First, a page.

5) I’ve noticed that many leaders get distracted by focusing on which model to use to build business strategy. Don’t worry about patterns and instead focus on strategy development.

I usually use a combination of the balanced scorecard and the blue ocean strategy. Simplicity matters whichever model you choose. Whatever the model, the strategy must be clear, so that your lowest employees can understand it without further interpretation.

6) Once the business strategy has been developed, unfortunately, that’s where it stops. People meet again after 12 months to review a strategy they never implemented.

They still waste time coming up with another strategy, which is the same strategy with new dates. What a tragedy and what a waste of resources. Companies need to put in place a strategy execution mechanism to win.

First, the strategy must be articulated to all stakeholders so that you get their buy-in. Corporate strategy should trickle down to every department and individual in the organization.

The cascade process should ensure alignment of goals and targets across the organization. The cascading process should ultimately culminate in individual goals and targets. Others convert them into performance contracts.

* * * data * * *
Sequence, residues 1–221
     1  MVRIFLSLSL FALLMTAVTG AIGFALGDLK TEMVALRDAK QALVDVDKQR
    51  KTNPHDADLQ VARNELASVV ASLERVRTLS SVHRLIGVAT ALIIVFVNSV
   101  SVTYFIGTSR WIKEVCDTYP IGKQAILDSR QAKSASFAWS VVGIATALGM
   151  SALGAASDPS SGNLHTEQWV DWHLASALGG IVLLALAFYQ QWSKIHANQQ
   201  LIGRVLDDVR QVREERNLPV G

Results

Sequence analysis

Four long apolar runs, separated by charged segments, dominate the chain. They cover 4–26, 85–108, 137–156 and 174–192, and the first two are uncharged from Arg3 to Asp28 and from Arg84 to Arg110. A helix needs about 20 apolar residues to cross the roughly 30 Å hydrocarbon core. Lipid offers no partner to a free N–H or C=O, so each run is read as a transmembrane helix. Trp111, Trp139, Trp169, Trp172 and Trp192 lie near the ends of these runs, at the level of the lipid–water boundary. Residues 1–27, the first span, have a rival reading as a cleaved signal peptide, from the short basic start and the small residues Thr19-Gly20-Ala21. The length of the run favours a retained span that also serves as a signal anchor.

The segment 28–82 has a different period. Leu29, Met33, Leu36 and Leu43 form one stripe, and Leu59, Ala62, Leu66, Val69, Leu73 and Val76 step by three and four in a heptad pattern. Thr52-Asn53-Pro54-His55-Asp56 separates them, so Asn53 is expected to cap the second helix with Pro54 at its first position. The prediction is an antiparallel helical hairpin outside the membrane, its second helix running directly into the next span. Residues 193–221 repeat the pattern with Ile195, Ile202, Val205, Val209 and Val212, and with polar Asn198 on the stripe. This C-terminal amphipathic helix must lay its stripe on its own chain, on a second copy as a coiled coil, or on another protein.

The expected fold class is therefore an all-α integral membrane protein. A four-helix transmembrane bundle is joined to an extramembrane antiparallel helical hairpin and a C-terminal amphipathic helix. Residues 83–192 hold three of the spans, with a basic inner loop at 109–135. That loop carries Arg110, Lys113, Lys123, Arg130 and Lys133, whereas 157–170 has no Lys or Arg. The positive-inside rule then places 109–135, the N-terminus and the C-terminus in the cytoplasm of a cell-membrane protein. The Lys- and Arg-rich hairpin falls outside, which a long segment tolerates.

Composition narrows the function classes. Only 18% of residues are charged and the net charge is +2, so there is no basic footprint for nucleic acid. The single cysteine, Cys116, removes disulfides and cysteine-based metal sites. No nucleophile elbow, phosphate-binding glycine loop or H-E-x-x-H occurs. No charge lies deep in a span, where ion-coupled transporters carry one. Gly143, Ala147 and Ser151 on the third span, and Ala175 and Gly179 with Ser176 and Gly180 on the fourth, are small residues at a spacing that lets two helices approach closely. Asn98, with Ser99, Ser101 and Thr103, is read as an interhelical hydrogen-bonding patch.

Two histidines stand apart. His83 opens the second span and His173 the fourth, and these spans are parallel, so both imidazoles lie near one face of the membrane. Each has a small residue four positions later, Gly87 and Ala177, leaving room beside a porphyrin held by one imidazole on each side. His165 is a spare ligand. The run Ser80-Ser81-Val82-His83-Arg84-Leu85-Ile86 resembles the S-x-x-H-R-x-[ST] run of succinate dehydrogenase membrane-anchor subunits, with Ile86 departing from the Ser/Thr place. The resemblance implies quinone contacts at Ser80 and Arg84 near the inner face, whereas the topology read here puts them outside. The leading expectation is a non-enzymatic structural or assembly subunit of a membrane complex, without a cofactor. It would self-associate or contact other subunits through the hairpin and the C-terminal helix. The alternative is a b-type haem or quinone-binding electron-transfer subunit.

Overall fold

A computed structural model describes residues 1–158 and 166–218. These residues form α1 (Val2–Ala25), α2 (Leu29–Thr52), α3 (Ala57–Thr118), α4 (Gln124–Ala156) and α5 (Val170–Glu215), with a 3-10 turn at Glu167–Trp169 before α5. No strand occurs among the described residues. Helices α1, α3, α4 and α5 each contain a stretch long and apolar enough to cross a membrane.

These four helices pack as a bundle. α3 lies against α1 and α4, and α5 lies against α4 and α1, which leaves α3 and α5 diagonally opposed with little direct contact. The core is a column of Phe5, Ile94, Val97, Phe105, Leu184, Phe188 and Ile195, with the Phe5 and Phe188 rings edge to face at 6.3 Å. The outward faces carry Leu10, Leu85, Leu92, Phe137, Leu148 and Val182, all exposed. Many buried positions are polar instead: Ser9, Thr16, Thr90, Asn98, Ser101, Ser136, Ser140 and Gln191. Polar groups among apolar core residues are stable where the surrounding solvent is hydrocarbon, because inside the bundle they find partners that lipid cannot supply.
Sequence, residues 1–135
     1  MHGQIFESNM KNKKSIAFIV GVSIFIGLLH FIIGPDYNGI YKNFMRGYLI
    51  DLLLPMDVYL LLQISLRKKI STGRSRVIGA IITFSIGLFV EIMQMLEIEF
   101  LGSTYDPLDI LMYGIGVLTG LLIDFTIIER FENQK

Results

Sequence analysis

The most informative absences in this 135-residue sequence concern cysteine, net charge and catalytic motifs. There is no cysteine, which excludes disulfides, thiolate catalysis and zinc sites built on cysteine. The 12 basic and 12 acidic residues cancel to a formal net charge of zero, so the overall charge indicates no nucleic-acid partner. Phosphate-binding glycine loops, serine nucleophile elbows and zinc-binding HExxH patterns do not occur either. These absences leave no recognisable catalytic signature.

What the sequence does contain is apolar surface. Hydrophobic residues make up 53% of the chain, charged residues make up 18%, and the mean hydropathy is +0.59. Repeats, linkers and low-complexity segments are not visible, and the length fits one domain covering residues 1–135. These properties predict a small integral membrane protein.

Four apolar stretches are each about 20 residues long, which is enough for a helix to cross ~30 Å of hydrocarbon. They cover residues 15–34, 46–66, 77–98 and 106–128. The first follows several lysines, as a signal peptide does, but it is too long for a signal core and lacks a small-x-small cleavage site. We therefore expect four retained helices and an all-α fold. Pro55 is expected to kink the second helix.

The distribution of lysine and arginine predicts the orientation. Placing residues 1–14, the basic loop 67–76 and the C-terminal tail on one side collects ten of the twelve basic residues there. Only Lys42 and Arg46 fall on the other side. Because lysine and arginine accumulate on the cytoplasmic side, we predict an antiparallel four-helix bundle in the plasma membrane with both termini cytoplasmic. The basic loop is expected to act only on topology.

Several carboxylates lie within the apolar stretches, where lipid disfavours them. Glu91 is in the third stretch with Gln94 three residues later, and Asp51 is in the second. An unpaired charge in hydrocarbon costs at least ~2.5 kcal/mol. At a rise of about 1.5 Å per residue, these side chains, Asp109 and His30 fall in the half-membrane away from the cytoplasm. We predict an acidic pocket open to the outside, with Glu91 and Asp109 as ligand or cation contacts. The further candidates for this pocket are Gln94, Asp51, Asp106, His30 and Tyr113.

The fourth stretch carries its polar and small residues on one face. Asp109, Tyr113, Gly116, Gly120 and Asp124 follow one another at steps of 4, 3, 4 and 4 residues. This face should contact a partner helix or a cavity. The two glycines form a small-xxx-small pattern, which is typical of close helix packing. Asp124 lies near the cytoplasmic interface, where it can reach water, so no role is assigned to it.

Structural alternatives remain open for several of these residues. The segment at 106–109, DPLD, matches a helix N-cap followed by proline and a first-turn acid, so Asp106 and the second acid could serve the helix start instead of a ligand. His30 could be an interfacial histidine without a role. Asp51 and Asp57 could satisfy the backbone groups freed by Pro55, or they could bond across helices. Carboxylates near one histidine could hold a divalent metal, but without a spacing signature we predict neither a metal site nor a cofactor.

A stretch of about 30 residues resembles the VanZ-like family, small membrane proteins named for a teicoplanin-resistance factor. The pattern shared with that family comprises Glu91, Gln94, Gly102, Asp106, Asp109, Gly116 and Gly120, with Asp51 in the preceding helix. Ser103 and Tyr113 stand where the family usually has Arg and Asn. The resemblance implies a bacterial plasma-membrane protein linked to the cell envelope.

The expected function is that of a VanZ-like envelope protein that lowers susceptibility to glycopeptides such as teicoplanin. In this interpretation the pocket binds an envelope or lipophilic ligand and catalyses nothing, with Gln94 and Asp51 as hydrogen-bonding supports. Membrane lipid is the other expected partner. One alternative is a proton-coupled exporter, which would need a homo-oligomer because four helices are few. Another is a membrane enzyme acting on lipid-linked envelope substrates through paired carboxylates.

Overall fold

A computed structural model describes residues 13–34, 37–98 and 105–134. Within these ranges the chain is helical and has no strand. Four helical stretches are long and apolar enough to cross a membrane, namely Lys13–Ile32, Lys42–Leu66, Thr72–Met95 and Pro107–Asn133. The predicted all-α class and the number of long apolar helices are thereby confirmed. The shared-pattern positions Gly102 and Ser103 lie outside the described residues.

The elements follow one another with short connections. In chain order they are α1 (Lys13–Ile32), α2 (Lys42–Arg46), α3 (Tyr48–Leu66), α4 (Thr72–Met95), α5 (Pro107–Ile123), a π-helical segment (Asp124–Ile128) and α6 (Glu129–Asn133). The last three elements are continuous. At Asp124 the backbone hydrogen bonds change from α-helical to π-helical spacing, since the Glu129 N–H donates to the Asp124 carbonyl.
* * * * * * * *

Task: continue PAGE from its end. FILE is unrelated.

seven) You need to hold people accountable for achieving your strategic goals and initiatives. Reward those who perform and censor those who don’t deliver. If there are no consequences for non-delivery or delivery, people won’t care.

8) Execution transforms strategic plans into actions to achieve strategic objectives and goals. It involves coordinating and mobilizing resources to implement plans and achieve desired results.

To be successful, execution must be aligned with strategy. This means that the organization’s resources and capabilities must be aligned with the opportunities it seeks to seize.

9) A well-designed strategy relies on a thorough understanding of the organization’s strengths and weaknesses as well as the opportunities and threats it faces.